DULUTH – A long-stalled and half-built taconite mine and pellet plant in Nashwauk, Minn., is inching forward again as a reissued air permit for the $2.6 billion project goes out for public review.

The Minnesota Pollution Control Agency is asking for comments on the draft permit for the Mesabi Metallics project that would produce up to 7 million tons of taconite pellets per year.

The permit was first issued in 2007, and construction began in 2009. Since then the proposed mine has gone through bankruptcy, changed hands several times and missed multiple state construction deadlines and payments, putting its mineral leases at risk.

The project, long known as Essar Steel, is about two years from completion once financing becomes available, according to the draft permit. MPCA officials said the permit could be issued by the end of the year. It expired in 2012 and needed a few minor updates.

“Any time we are dealing with a reissuance or changes on the company ownership side of things the project can change a little bit, and that’s part of the reason for the permit reissuance as well,” said Jeff Udd, Duluth region manager with the MPCA. “There’s a lot of positive environmental benefits in the permit as well.”

As part of the reissued air permit, which the EPA will also review, the MPCA is requiring the company to “re-evaluate the design and best available control technology” for the plant. Proposed production levels have not changed.

The public can comment on the draft permit through Sept. 14.

Minnesota’s first new taconite production facility in many decades, Mesabi Metallics has promised 350 jobs once it is fully operational.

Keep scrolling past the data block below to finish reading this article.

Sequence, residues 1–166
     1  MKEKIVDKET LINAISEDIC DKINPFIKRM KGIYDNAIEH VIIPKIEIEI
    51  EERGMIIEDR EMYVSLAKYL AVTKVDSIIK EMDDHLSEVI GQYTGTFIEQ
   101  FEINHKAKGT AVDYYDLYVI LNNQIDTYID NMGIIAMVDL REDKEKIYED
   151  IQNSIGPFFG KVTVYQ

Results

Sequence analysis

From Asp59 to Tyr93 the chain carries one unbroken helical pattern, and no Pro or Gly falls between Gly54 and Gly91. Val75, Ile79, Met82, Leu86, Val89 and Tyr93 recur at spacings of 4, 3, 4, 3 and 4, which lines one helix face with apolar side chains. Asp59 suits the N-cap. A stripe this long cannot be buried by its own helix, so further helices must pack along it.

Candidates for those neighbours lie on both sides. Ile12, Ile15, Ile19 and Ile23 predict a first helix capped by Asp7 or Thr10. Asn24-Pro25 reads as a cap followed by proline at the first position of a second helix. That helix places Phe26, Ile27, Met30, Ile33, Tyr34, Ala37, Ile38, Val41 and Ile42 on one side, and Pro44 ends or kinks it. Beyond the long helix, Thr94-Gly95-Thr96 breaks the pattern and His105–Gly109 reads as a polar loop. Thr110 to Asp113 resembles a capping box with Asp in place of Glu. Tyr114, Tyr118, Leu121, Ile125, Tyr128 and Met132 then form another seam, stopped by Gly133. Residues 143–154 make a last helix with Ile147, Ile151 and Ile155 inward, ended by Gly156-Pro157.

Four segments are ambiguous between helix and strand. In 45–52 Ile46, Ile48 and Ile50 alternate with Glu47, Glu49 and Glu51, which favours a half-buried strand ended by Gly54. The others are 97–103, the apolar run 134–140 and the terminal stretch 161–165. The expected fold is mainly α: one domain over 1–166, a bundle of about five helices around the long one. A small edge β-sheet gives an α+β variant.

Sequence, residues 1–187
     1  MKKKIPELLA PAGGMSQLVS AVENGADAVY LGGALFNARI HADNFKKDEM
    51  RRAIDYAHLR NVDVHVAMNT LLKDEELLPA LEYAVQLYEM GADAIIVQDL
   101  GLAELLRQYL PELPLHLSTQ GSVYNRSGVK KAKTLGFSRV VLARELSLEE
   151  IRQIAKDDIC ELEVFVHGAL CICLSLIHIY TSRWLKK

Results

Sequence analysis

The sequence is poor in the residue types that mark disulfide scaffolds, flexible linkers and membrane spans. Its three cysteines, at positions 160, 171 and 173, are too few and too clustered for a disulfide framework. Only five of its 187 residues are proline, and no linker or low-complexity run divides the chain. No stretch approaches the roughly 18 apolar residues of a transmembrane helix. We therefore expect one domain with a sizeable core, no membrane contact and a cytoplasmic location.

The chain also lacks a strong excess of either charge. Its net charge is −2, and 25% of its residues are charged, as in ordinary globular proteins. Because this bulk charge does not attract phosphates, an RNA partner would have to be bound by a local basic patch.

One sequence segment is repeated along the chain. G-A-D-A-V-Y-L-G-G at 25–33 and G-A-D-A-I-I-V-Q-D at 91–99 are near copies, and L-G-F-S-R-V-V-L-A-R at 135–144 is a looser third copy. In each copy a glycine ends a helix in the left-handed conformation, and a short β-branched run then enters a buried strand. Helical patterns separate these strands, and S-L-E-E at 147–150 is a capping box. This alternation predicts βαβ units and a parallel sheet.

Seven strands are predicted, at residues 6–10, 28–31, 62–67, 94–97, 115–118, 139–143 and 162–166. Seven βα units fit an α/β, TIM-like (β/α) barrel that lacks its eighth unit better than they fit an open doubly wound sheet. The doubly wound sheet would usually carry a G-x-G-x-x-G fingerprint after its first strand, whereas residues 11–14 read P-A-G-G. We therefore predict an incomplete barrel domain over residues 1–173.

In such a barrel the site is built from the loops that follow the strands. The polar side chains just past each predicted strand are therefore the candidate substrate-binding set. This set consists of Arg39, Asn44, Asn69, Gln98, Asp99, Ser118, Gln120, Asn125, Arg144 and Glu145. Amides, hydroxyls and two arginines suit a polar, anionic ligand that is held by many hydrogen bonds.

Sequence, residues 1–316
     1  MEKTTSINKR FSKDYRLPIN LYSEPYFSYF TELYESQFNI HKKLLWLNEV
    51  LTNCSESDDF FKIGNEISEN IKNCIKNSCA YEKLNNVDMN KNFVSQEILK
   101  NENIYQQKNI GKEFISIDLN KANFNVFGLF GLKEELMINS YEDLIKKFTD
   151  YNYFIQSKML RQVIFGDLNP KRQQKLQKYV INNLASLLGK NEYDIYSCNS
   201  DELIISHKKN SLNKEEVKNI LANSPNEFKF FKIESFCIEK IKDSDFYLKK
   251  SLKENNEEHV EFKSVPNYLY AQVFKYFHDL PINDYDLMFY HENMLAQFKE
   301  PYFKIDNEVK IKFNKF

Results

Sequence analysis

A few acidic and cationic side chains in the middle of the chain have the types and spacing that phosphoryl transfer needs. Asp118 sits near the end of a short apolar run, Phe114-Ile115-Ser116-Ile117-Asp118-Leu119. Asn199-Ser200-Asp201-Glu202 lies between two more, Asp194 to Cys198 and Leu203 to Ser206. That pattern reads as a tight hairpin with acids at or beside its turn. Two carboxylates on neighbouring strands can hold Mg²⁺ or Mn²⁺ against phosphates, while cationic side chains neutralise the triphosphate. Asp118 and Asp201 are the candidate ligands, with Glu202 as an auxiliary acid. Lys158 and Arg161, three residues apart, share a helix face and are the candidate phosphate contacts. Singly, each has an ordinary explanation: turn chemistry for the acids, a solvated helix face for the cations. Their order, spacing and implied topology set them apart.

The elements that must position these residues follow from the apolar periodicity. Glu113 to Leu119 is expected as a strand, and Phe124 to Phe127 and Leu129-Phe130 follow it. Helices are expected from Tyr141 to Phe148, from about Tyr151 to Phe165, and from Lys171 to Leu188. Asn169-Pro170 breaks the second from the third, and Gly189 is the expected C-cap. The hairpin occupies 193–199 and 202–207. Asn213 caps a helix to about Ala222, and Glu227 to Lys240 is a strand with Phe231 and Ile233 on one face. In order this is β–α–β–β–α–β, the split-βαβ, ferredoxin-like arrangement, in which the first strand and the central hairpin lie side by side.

It would be the second plant on the Iron Range to produce direct-reduced iron pellets for modern electric arc furnaces used in steelmaking — critical as the industry moves toward these “mini-mills” and away from blast furnaces. Cleveland-Cliffs’ recently upgraded Northshore Mining started producing the valuable DRI pellets last year.

No other MPCA permits are required for the project to move ahead; whether it can continue once the air permit is reissued remains to be seen. The Minnesota Department of Natural Resources had previously issued all permits needed to build and operate the mine.

“If Mesabi were to move forward but want or need to make any modifications to its plans, it’s certainly possible it would be necessary to have amendments,” said DNR Deputy Commissioner Barb Naramore. “We don’t have requests from them at this point.”

Mesabi Metallics could not be reached for comment Monday.

The state has the right to rescind the company’s mineral leases at any time this year after Mesabi failed to meet a December 2019 construction deadline.

Further complicating matters is the major investment stake Essar Global has in the project. State officials are attempting to bar the India-based mining and energy company from doing business in Minnesota after the company initially left the project unfinished and declared bankruptcy in 2016 before buying back into the project last year.

“The state has been really consistent all the way along — what we want is a credible operator who can bring a value-added facility online and into operation,” Naramore said. “And that continues to be our focus in all conversations we’re having.”